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Ghorbel, McKie upset nation’s top doubles team

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Last Sunday proved to be one of the most memorable days in recent memory for the Drake men’s tennis program, as the Bulldogs tallied three wins over nationally ranked opponents, including a win over the No. 1 ranked doubles team in the nation.

Sunday’s action at the ITA Central Regional tournament on the campus of the University of Minnesota kicked off with junior Robin Goodman earning Drake’s first win over a ranked opponent of the day. Goodman faced off against Cliff Marsland of Tulsa, ranked No. 44 in the nation in singles.

“I knew he was a good player, but I knew that with the level I was playing at, I could beat him,” Goodman said. “Nobody in that tournament was unbeatable for me.”

As the match against the third seed began, it was clear that Goodman was far from outmatched against Tulsa’s highest-ranked player. Early in the match, Goodman observed his opponent’s tendencies and discovered what caused him to falter. The Drake junior soon took the offensive by altering his backhand and putting emphasis on his forehand.

“The reason I won that match was being better tactically, using my slice to open up the court and using my forehand to go to the open space,” Goodman said.

The tactic paid off well for the Bulldog, as he broke Marsland’s serve multiple times en route to a 6-4, 6-4 victory.

But before Goodman could take on No. 28 Guillermo Alcorta from Oklahoma in the semifinals, senior Anis Ghorbel went up against Costin Paval of Oklahoma in the quarterfinals. Not only is Paval the reigning Big 12 Player of the Year and an All-American in doubles, but he is currently ranked No. 6 in the nation in singles, the highest ranked opponent Ghorbel or any of his teammates have ever faced.

“In the Round of 16, I played a guy who was No. 39 in the nation last year, so I got a lot of confidence from that match going into the quarterfinals,” Ghorbel said. “I also saw the close match between Paval and Jean (Erasmus) and I saw a couple things I needed to do to be able to do something against him.”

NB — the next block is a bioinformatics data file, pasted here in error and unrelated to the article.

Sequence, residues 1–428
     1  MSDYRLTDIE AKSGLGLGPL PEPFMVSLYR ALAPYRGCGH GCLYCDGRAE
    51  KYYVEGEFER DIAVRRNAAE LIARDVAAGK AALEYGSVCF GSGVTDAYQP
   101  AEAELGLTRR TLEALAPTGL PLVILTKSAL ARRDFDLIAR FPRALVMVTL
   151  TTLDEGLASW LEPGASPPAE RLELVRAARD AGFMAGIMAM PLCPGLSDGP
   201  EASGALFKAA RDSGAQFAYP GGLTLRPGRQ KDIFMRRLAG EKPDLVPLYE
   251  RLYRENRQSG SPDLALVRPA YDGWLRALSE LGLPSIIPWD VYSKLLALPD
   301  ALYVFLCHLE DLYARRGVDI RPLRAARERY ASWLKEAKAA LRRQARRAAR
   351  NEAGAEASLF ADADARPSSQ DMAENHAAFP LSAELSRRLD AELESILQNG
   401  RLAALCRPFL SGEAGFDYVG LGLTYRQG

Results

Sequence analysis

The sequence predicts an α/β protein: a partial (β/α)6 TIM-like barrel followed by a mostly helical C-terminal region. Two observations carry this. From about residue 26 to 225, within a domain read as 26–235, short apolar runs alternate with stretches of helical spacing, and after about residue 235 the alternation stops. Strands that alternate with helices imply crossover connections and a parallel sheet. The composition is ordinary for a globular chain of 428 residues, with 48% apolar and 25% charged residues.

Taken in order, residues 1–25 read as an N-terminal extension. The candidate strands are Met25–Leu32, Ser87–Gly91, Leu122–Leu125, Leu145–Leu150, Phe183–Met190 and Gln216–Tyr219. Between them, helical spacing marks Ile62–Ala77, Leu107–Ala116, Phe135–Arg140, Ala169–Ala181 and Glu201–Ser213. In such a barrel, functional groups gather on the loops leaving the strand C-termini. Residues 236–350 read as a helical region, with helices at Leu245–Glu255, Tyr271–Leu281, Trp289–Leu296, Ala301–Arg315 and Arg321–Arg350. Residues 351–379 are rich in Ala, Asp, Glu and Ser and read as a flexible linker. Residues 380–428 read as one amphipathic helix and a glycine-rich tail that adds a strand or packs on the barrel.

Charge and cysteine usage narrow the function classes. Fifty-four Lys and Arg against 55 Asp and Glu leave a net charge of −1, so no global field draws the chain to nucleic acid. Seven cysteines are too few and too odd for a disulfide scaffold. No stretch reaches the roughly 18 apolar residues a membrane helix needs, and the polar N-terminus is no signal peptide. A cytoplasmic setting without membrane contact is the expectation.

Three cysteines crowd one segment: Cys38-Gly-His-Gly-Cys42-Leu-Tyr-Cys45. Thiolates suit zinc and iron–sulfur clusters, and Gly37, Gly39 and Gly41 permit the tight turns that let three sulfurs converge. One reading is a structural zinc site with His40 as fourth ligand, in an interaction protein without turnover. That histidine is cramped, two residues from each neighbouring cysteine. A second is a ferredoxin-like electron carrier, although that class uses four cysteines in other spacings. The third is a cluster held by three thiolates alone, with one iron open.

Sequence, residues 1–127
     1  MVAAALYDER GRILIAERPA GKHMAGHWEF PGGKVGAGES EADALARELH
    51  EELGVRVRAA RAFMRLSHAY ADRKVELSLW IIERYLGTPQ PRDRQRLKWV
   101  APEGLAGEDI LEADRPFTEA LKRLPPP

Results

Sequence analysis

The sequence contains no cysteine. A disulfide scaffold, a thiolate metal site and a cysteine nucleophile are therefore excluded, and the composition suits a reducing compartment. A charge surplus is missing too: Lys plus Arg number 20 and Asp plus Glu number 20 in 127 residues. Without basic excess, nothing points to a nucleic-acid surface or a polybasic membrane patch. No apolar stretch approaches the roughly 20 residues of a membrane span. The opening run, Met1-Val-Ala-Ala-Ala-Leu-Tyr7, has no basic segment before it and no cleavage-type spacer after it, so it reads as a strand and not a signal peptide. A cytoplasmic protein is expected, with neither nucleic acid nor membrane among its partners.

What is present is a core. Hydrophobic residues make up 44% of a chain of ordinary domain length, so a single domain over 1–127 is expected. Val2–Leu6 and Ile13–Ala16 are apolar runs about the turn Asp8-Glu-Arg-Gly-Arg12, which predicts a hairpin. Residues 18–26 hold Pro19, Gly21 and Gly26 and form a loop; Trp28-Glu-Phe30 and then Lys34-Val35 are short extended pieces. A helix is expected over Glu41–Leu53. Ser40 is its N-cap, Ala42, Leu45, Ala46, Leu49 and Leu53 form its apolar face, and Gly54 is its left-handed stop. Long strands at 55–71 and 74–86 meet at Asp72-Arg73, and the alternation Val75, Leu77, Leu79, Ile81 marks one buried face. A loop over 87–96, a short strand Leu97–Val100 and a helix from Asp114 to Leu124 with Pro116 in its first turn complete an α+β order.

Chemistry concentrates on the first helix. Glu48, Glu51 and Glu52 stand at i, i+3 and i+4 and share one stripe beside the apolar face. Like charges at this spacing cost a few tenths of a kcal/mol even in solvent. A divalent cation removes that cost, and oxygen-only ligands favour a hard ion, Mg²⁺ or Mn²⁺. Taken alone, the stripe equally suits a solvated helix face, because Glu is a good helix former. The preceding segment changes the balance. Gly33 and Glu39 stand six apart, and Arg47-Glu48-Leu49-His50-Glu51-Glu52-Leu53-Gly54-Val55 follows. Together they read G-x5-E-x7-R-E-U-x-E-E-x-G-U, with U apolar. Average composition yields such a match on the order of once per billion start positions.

After watching Erasmus battle Paval in two close sets just the day before, Ghorbel and head coach Davidson Kozlowski noticed that Paval struggled with high balls on his backhand side and could be broken down when forced to move back and forth across the court.

“I didn’t care about his ranking, I didn’t care about his results, I just cared about me going out there and playing my best tennis,” Ghorbel said.

Ghorbel played the role of the aggressor, and that mentality awarded him a 6-3 first set. Nerves began to creep in on Drake’s top player though, and Paval would level the match by taking the second set 6-3.

With an offensive mindset back in place for the third and deciding set, Ghorbel played some of his finest tennis of the tournament, as he put the nation’s sixth best player out of the tournament with a 6-2 third set.

“That was a great win for Anis,” Kozlowski said. “Anis can play with anyone in the country, and he has proven that.”

With a huge boost of confidence after his biggest collegiate win, Ghorbel was ready to take on Minnesota’s Leandro Toledo, ranked No. 50 in the nation, but Goodman’s semifinal match against Alcorta came first.

Goodman broke his opponent’s serve early in the match to take the initial lead, but things soon began to slip in favor of Alcorta.  Alcorta proved too much for Goodman on Sunday.

Alcorta used tactics that were very similar to those Goodman used against Marsland, as his slice and booming forehand caused Goodman to make more unforced errors than he is accustomed to. Goodman’s ITA Central Regional tournament ended in the semifinals with a 6-3, 6-0 loss, and Alcorta would go on to win the tournament and earn a spot in the ITA National Indoors Tournament in Flushing Meadows, N.Y.